Using `trace oomkill`

    The oomkill gadget is used to monitor when OOM killer actually kills a process.

    How to use it?

    First, we need to create one pod with limited amount of memory:

    $ kubectl apply -f docs/examples/limited-memory-pod.yaml
    namespace/oomkill-demo created
    pod/test-pod created
    

    You can now use the gadget, but output will be empty:

    $ kubectl gadget trace oomkill -n oomkill-demo
    NODE             NAMESPACE        POD              CONTAINER        KPID   KCOMM            PAGES  TPID             TCOMM
    

    Indeed, it is waiting for OOM killer to kick in and kills a process in oomkill-demo namespace (you can use -A to monitor all namespaces and then be sure to not miss any event). So, in another terminal, exec a container and run this command to exhaust the memory:

    $ kubectl get pod -n oomkill-demo
    NAME       READY   STATUS    RESTARTS   AGE
    test-pod   1/1     Running   0          52s
    $ kubectl exec -n oomkill-demo -ti test-pod -- tail /dev/zero
    command terminated with exit code 137
    

    Go back to the first terminal and see:

    NODE             NAMESPACE        POD              CONTAINER        KPID   KCOMM            PAGES  TPID             TCOMM
    minikube         oomkill-demo     test-pod         test-container   11507  tail             32768  11507  tail
    

    The printed lined correspond to the killing of perl process by the OOM killer. Here is the full legend of all the fields:

    • KPID: The PID of the process killed by the OOM killer (KilledPID).
    • KOMM: The command of the process killed by the OOM killer (KilledCommand).
    • PAGES: The number of pages the killed process had. A page is 4096 bytes on majority of operating system.
    • TPID: The PID of the process which triggered the OOM killer (TriggeredPID).
    • TCOMM: The command of the process which triggered the OOM killer (TriggeredCommand).

    So, the above line should be read like this: “Command tail, whom PID is 11507, running inside container test-container, within pod test-pod, in namespace oomkill-demo on minikube node, was killed by the OOM killer because it allocated 32768 pages. The OOM killer was triggered by tail whom pid is 11507.”

    Note that, in this case, the command which was killed by the OOM killer is the same which triggered it, this is not always the case.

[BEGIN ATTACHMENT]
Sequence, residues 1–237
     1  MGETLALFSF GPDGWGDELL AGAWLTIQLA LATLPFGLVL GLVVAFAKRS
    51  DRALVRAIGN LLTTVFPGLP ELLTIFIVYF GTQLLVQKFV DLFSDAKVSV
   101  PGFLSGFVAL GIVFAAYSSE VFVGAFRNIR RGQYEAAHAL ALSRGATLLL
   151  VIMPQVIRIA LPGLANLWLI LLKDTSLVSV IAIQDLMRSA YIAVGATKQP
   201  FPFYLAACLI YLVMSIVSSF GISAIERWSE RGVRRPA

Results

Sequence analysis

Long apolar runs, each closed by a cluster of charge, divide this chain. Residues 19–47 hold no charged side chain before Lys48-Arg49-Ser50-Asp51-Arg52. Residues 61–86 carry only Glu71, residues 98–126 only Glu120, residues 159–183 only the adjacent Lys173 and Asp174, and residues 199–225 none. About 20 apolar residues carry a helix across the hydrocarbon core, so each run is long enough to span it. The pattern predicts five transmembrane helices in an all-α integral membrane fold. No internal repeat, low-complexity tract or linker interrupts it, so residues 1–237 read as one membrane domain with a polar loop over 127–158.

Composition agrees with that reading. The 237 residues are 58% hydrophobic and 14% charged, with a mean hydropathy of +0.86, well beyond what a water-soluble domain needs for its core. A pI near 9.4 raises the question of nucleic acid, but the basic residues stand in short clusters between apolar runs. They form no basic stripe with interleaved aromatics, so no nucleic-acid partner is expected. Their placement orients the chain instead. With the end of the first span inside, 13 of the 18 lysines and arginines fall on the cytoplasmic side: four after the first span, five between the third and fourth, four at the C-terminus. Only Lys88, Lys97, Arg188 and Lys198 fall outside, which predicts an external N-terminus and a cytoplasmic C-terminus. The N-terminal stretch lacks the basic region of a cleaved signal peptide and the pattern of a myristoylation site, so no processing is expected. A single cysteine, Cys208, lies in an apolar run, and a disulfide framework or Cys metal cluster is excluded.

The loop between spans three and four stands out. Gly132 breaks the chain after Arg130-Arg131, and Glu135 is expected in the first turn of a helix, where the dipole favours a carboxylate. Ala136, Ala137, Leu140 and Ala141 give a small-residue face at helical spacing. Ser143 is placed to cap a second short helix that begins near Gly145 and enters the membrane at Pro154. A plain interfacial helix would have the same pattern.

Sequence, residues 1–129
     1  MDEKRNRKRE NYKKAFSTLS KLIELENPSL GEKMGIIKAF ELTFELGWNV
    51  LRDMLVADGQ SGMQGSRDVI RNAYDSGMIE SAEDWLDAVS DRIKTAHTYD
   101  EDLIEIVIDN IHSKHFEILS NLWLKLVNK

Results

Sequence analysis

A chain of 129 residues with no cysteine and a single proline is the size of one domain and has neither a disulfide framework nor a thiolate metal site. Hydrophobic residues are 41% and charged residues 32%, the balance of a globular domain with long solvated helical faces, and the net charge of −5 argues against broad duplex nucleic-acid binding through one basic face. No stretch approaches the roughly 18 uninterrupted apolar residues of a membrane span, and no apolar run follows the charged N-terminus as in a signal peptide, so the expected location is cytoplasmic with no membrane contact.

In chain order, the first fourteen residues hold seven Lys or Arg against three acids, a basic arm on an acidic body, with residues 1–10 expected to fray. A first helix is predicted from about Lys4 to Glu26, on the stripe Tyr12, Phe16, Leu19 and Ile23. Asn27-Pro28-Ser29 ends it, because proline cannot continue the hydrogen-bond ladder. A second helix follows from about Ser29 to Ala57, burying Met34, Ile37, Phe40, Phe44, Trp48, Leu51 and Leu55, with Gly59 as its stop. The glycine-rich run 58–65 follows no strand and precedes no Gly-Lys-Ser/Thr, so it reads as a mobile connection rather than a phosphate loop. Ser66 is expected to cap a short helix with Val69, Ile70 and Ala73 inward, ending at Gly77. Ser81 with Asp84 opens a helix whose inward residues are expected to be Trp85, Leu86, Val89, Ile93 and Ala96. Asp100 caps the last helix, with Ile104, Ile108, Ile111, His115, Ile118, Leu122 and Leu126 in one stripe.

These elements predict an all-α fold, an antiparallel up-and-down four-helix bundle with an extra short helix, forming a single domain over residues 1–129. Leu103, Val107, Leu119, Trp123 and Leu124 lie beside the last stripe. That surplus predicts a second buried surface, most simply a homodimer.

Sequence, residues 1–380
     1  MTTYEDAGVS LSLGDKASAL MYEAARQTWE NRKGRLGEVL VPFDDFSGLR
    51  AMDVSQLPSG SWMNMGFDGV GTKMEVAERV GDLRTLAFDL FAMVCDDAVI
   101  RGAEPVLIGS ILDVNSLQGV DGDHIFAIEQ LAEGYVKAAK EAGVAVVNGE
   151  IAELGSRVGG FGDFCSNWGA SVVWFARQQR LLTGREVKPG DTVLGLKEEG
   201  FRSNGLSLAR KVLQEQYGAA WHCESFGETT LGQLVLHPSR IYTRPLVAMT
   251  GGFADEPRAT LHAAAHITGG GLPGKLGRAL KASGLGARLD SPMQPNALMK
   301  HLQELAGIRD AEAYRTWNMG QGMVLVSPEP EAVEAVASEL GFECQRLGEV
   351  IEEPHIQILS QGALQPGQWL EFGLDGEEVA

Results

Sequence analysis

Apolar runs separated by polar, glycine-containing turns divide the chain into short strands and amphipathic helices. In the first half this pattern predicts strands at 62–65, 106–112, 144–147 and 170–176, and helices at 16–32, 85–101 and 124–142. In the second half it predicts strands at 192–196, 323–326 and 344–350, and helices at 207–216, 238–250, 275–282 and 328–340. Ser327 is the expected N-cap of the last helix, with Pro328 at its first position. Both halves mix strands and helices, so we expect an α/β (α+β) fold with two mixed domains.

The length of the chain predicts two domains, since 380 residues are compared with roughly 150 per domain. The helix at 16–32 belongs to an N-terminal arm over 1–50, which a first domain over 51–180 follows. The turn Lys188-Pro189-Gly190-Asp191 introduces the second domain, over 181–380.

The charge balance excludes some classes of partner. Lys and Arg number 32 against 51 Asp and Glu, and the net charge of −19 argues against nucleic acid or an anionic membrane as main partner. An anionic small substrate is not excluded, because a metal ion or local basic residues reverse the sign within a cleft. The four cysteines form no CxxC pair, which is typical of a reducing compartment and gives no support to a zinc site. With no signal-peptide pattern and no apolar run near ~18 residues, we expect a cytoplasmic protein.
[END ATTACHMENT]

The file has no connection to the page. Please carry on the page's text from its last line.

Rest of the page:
Only print some information

    You can restrain the information printed using -o custom-columns=column0,...,columnN. This command will only show the PID and command of the killed process:

    $ kubectl gadget trace oomkill -A -o custom-columns=kpid,kcomm
    KPID   KCOMM
    15182  tail
    

    The following command is the same as default printing:

    $ kubectl gadget trace oomkill -A -o custom-columns=node,namespace,container,pod,kpid,kcomm,pages,tpid,tcomm
    NODE             NAMESPACE        CONTAINER        POD              KPID   KCOMM            PAGES  TPID   TCOMM
    minikube         oomkill-demo     test-container   test-pod         17349  tail             32768  17349  tail
    

    Use JSON output

    This gadget supports JSON output, for this simply use -o json:

    $ kubectl gadget trace oomkill -A -o json
    {"type":"normal","node":"minikube","namespace":"oomkill-demo","pod":"test-pod","container":"test-container","tpid":13416,"tcomm":"tail","kpid":13416,"kcomm":"tail","pages":32768,"mountnsid":4026532588}
    # You can use jq to make the output easier to read:
    $ kubectl gadget trace oomkill -A -o json | jq
    {
      "type": "normal",
      "node": "minikube",
      "namespace": "oomkill-demo",
      "pod": "test-pod",
      "container": "test-container",
      "tpid": 13416,
      "tcomm": "tail",
      "kpid": 13416,
      "kcomm": "tail",
      "pages": 32768,
      "mountnsid": 4026532588
    }
    

    Clean everything

    Congratulations! You reached the end of this guide! You can now delete the resource we created:

    $ kubectl delete -f docs/examples/limited-memory-pod.yaml
    namespace "oomkill-demo" deleted
    pod "test-pod" deleted